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Dianne Wilde Carved a Piece of PGA History in Western New York

By Bob Denney
PGA Historian

Barely a month after earning her LPGA Tour card in 1976, Dianne Wilde saw her career fortunes come crashing down. She underwent hand surgery and never regained the skill or the on-course promise she imagined.

That disappointment would fade as Wilde became a popular member of the Western New York PGA Section; an enterprising PGA Head Professional and ultimately a teacher that many students often returned to for advice. Wilde, who turns 71 on April 6, is the longest active woman PGA Member. Nearing 36 years as a PGA Member, Wilde has spent half her life in serving the game she loves.

The path to Wilde’s staying power in the game began as a 12-year-old in Amsterdam, New York, where she hopped a fence to the Amsterdam Municipal Golf Course. It was there that PGA Professional Jim Murray recognized her passion for golf and gave her a used set of Walter Hagen clubs.

“I used those clubs to win my first State Amateur (1965),” recalled Wilde, who splits her year between teaching at Eagle Vale Golf Course in Fairport, New York, and winters in Jupiter, Florida.

Wilde went on to add New York State Golf Association Women’s Amateur titles in 1971 and 1973. She attended Cortland State University, graduating in 1969, and spent three years in Colorado combining skiing and teaching physical education at an elementary school. Wilde returned to Cortland State and completed a Master’s degree in education in 1974.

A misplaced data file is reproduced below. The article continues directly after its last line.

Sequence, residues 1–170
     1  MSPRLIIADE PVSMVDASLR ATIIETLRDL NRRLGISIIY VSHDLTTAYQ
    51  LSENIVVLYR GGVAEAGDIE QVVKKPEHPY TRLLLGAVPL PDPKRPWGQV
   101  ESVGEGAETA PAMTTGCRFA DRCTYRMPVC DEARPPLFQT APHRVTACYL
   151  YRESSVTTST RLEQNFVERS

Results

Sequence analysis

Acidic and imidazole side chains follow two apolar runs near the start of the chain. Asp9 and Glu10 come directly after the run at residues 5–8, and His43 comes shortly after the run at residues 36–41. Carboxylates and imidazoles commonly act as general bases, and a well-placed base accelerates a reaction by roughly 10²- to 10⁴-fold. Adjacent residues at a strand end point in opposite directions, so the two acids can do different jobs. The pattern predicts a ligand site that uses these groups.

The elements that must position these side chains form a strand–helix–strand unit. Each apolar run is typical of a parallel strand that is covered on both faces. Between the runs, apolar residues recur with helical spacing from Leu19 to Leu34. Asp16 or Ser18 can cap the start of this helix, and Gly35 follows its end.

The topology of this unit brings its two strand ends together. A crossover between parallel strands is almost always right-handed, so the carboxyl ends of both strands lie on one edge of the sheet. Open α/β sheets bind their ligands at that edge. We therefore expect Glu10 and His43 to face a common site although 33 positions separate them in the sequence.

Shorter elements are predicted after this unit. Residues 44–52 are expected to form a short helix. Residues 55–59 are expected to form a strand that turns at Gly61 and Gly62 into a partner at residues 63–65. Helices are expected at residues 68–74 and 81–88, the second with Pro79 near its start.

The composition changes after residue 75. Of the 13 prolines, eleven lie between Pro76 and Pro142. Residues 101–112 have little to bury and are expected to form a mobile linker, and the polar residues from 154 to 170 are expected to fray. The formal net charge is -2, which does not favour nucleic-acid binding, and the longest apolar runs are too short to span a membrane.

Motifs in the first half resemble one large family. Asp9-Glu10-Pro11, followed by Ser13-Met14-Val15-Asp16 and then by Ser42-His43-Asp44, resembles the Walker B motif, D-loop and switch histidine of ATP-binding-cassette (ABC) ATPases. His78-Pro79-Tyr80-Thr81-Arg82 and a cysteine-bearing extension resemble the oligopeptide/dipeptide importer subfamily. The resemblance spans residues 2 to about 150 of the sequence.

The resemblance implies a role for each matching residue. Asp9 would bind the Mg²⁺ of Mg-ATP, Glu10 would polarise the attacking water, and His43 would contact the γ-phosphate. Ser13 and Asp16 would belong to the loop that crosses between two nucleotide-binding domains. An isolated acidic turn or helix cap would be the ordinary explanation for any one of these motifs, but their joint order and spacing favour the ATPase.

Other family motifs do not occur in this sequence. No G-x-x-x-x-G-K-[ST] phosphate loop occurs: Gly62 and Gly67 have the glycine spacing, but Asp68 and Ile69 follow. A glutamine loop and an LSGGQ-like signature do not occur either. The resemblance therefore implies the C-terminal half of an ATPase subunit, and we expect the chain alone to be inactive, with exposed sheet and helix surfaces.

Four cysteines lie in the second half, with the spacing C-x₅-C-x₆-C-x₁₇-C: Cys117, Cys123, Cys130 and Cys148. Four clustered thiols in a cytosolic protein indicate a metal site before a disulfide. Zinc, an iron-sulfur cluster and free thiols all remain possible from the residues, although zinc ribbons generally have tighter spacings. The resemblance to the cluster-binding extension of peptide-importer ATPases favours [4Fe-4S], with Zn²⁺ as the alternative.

She reflected on a 1976 season that turned bittersweet – graduating from LPGA Tour Qualifying School and then facing hand surgery. “I came back after surgery, but couldn’t compete,” said Wilde. “I gave back any sponsor money I had. To be honest, it was a relief when it ran out. It was such a struggle. You either practice and don’t have anything left or not practice and are not prepared for the tournament. I am perfectionist.”

The sense of perfection translated into developing a PGA Professional career when women were a rarity in the Association. When Wilde was elected in September 1982, there were only 18 women PGA Members. Today, the PGA has more than 1,200 women members.

“I was conscious from the start that there were very few women in the PGA,” said Wilde. She recalled a moment that occurred in Hartford, Connecticut, just as she was entering the room for her first PGA Business School I class.

“Oh, ma’am, I think that you are in the wrong place,” said a man who was about to lead the class. “You might want to check down the hall.”

“Oh, but I am in the right place,” Wilde replied. After class, that same leader came up and apologized. “I said that was OK,’” Wilde recalled. “I told him that I understood.”    

Any future moments of non-acceptance, Wilde said, dissipated. “For a woman PGA Member, I’ve been very fortunate,” she said. “I’ve always had great people with me and around me. Everybody was so good to me. I always felt as long as I worked hard and never asked for anything more than what I had earned, I belonged.”

A circle of mentors propelled Wilde to a PGA career. It began with PGA Professional Bob Smith of Wolferts Roost Country Club in Albany, who met Wilde when she was 13 years old. Smith encouraged Wilde to not give up her golf aspirations. “Bob was my teacher and the professional I emulated,” said Wilde. “He was instrumental in my getting to the LPGA and ultimately the PGA of America.